Tuesday, September 18, 2007

Alan Greenspan and His CYA Tour

By Ken Hart
Former Federal Reserve Chief Alan Greenspan is making a lot of waves with his new memoir, "The Age of Turbulence." The official subtitle is "Adventures in a New World," but based on his comments in interviews, it should be "It's Not My Fault!"

This man has been portrayed as a financial genius, an elderly Harry Potter of the economy. And maybe some of that is deserved. But let's not forget that he failed to adequately prepare the economy for the bursting of the dot-com bubble in the late '90s, just as he suggests that he was taken off-guard by the current collapse of the housing market. Other economists, such as a professor at Stanford, say that Greenspan's own post-2001 interest rate cuts artificially inflated the housing boom; Greenspan retorts that the housing boom was a "global" phenomenon and that he takes absolutely no blame (a strong view that he reiterated on the "Today" show Monday morning).

Other folks with much better knowledge of economics than me can debate Greenspan's financial merits, but Greenspan raised a bigger ruckus by: 1) attacking the fiscal policies of George W. Bush, and 2) making this statement in his book:

"I am saddened that it is politically inconvenient to acknowledge what everyone knows: the Iraq war is largely about oil."

Immediately - and understandably - bloggers and politicians on the left seized on this as an affidation - from a Republican insider! - of what we already knew: Iraq was invaded not because of WMD, but because of the advantage the U.S. would gain by seizing an oil-rich nation in the center of the Middle East.

Almost as immediately, however, Greenspan started backtracking from this comment. In an interview with the Wall Street Journal, Greenspan said:
"My view of Saddam over the 20 years … was that he was very critically moving towards control of the Strait of Hormuz and as a consequence of that, control of the oil market."

The Strait of Hormuz is very important - much of the world's oil supply travels through it, and Greenspan said on the "Today" show that if Saddam got control of it, oil prices could practically triple in a short period of time. Sounds bad, right?

A financial wizard Greenspan may be, but he clearly got a D in geography. As has been pointed out elsewhere, Iraq doesn't touch the Strait of Hormuz. After the Gulf War, Saddam had no naval capability, and his air force was grounded. So, to take control of the Strait, he would have needed to send his troops across miles of hostile territory to seize one or more ports ... and, oh yeah, go toe-to-toe with the U.S. Navy once he got there.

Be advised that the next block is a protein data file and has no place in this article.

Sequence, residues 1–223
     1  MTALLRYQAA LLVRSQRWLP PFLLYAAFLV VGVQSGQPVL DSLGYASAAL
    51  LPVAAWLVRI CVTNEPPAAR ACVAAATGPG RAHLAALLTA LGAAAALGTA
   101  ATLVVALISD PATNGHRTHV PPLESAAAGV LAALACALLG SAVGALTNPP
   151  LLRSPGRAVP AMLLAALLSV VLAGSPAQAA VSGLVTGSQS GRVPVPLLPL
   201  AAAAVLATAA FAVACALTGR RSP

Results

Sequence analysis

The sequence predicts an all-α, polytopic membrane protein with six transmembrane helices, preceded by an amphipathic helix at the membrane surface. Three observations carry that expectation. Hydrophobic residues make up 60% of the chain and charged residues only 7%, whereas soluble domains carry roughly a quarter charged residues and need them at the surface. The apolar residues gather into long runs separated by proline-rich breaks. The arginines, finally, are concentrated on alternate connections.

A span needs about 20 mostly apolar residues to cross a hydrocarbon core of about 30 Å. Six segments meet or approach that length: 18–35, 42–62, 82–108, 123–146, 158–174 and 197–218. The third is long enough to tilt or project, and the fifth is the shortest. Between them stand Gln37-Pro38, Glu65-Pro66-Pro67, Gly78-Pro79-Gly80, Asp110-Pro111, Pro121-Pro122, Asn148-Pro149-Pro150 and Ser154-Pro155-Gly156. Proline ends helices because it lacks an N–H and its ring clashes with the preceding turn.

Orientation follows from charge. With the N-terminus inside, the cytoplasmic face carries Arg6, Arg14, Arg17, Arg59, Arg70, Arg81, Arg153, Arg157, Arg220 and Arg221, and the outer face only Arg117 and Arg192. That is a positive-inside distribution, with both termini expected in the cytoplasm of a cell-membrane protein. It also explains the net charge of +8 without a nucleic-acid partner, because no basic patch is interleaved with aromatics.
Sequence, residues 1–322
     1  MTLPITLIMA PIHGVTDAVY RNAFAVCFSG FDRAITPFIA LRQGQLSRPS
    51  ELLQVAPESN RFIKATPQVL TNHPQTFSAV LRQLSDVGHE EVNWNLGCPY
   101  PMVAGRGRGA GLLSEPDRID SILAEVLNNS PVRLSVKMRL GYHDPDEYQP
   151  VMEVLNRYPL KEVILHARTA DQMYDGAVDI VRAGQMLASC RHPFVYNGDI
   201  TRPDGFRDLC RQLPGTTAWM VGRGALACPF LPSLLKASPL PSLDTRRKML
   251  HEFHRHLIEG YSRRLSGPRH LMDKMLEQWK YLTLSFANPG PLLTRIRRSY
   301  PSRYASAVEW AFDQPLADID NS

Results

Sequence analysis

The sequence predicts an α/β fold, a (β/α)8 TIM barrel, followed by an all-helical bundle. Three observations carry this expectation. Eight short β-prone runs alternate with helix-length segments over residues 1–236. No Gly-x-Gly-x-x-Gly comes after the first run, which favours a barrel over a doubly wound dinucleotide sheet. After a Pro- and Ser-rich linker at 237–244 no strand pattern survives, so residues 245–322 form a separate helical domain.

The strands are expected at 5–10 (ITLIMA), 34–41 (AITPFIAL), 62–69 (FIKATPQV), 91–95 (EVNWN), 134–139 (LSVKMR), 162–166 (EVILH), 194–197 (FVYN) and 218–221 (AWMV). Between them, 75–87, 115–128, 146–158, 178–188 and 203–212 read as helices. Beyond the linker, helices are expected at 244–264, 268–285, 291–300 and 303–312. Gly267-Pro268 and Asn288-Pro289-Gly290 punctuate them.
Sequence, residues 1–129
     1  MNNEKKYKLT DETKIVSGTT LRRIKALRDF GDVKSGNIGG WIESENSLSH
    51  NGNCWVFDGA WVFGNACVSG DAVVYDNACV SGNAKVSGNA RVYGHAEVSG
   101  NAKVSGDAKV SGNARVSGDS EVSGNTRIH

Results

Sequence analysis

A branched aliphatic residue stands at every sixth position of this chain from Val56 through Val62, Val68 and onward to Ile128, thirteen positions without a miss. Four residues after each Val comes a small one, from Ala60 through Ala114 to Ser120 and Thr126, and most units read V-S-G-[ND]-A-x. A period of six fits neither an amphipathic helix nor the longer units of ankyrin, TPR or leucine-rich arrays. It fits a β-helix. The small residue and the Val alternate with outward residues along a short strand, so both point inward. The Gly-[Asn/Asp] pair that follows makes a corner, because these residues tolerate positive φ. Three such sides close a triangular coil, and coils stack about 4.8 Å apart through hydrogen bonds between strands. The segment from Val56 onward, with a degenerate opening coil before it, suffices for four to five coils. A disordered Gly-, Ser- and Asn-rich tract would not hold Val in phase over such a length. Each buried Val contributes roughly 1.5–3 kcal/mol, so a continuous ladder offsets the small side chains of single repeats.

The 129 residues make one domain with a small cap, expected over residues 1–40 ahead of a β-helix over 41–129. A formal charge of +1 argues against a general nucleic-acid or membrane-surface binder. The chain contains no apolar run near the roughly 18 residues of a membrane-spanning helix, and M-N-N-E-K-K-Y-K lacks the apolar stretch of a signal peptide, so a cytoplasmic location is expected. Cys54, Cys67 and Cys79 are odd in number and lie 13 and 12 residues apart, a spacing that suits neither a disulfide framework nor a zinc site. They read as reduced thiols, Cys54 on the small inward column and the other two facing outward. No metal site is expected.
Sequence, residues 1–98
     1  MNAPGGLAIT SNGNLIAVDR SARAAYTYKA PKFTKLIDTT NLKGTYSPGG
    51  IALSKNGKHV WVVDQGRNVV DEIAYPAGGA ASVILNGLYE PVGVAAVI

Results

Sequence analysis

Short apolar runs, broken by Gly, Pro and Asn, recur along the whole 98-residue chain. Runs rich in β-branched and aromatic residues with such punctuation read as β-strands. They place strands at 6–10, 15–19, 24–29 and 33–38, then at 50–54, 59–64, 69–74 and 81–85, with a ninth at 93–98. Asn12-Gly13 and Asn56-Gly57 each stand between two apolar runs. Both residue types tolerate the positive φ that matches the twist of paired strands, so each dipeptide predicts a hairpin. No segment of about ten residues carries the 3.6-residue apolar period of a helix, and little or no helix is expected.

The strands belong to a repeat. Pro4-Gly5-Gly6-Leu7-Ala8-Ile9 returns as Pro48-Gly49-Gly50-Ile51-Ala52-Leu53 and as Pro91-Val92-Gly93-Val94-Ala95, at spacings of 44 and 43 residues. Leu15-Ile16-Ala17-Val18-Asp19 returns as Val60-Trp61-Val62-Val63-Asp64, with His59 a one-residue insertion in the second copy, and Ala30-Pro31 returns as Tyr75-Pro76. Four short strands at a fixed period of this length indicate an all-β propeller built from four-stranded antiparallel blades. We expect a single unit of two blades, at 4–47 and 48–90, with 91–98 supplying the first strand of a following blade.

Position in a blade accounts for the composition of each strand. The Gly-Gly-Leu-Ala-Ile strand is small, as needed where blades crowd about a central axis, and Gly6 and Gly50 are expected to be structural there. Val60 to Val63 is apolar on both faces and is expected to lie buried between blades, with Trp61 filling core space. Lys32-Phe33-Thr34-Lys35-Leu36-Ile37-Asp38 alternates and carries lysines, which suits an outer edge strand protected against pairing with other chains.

As for the Bush fiscal policy, Greenspan has taken criticism for backing Bush's disastrous tax cuts for the wealthy -- the results of which are now being felt. Greenspan now says, in essence, that he backed "a" tax cut, not necessarily Bush's tax cuts. Again, Greenspan maintains that he bears no blame for the current fiscal problems.

What's going on here? It certainly sounds like Greenspan, like many other Republicans who see the GOP Gravy Train running off the tracks, is trying to salvage his legacy and cover his butt by saying that he was an innocent bystander to everything that happened during the Bush Administration. He even tries to have it both ways by saying that recession odds have grown yet the economy "is not doing badly." No matter what happens, he wants to be seen as the Economical Karnak.

5 comments:

Scott Cavanagh said...

Greenspan's book tour revelations are so similiar to those of everyone that leaves government during the Bush presidency. Much like Colin Powell's talk of disagreeing with Bush, Cheney and Rumsfeld about the case for war, Greenspan's talk, in retrospect, of troubles with the Bush tax cuts are just crap and too little too late.